The Kent-built Gadfly II
Simon Papendick has written to give us an update to the earlier posts about the small cruising boat he’s currently restoring, Gadfly II, and to ask for help in finding more information. (For more on Gadfly II, click here.)
Here’s what he has to say:
Thanks to Classic Boat, I now have some new information about my yacht Gadfly II.
It would appear that the boat was build in the 1930s in Whitstable, Kent for a local builder, and that she was the second of three boats he commissioned. I have information about her first years in Kent from the 1930s through to 1949, and then I have more details about her whereabouts in the early 1960s – but then the trail goes cold from 1964 until the early 2000’s when the last owner purchased bought her.
If anyone has any information about Gadfly II’s whereabouts in the missing years, could they please let me know?
During the World War II I gather she had a small mishap when she was almost destroyed by German bombs that where dropped near where she was being stored.
The original owner of the boat only passed away a few years ago, as did the foreman of the yard that build her.
If any of your readers can come up with more information about the boat it would be most helpful.
Have you got a story to share or is there some information that you seek?
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Simon Papendick and family make progress on their project to restore Gadfly II
I’m grateful to Simon Papendick for getting in contact to report on his progress in bringing Gadfly II back to life.
Gadfly II looks very much like a Blackwater sloop but is reported to have been built in Kent rather than Essex, and there are some intriguing clues to her history, including a 1908 coin under her mast. For more on this read some previous posts on this topic.
Here’s what Simon has to say:
‘Since I contacted you last I have got on well with the restoration on Gadfly II. We’re getting close to finishing the outside with the deck all but finished. The hull is all caulked up with putty in the seams, the hull has been glossed and the first coat of antifouling is on the bottom.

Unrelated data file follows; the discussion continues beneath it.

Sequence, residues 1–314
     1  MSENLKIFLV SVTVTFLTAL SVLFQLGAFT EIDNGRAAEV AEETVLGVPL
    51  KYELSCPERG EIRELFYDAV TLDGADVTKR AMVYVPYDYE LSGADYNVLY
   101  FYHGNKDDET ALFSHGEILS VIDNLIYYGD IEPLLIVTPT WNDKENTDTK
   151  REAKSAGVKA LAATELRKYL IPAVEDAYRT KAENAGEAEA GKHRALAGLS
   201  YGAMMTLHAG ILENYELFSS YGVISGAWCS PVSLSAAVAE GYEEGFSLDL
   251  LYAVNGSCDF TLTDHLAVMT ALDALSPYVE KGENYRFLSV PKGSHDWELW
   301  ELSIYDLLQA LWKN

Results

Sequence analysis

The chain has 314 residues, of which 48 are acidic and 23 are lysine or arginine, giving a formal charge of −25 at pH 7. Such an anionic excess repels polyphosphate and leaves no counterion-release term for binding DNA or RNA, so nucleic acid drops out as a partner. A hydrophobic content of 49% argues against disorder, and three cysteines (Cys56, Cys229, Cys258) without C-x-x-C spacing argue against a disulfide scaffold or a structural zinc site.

‘One of the last jobs to do before the boat goes back in the water will be the replacing the keel bolts, which is going to be done in a couple of weeks time at a local boatyard close to our home. Once the keelbolts are done and the boat is watertight then I will fit out the inside with an interior very close to what it would have had when it was first built.
‘After the boat is re-launched I will have the mast stepped and take it for its first sail in many years. From what I was told by its last owner its last sail could well have been 20 years ago or more.
‘It will be a wonderful experience for both the boat and myself to get the boat back to where she should be gracing the East Coast again after all these years. As you can see from the photos it is a family affair.
Many thanks Simon. I’m pleased to hear that you’re planning to be true to the original when you start work on the interior, and I think it’s particularly good that you have your family’s help and support – so many people seem to work in isolation.
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The mystery of Gadfly II’s origins and her link with the Blackwater sloops reminded me of yachting author F B Cooke, who I seem to remember owned a Blackwater sloop in the 1920s.
He had strong views on the size and type of yachts that should be used for cruising, for as he says:
‘To be dependent upon the assistance of friends, who may leave one in the lurch at the eleventh hour, is a miserable business that can only be avoided by having a yacht which one is capable of handling alone… The ideal arrangement is to have a vessel of sufficient size to accommodate one or two guests and yet not too large to be sailed single-handed at a pinch.’
I’d go further, and say that even with friends and family aboard, it’s safer and better if all the basic sailing tasks can be carried out by a single pair of hands.
I thought readers might be interested to see what he had to say about what size and type of small yacht seemed most desirable in those far-off days.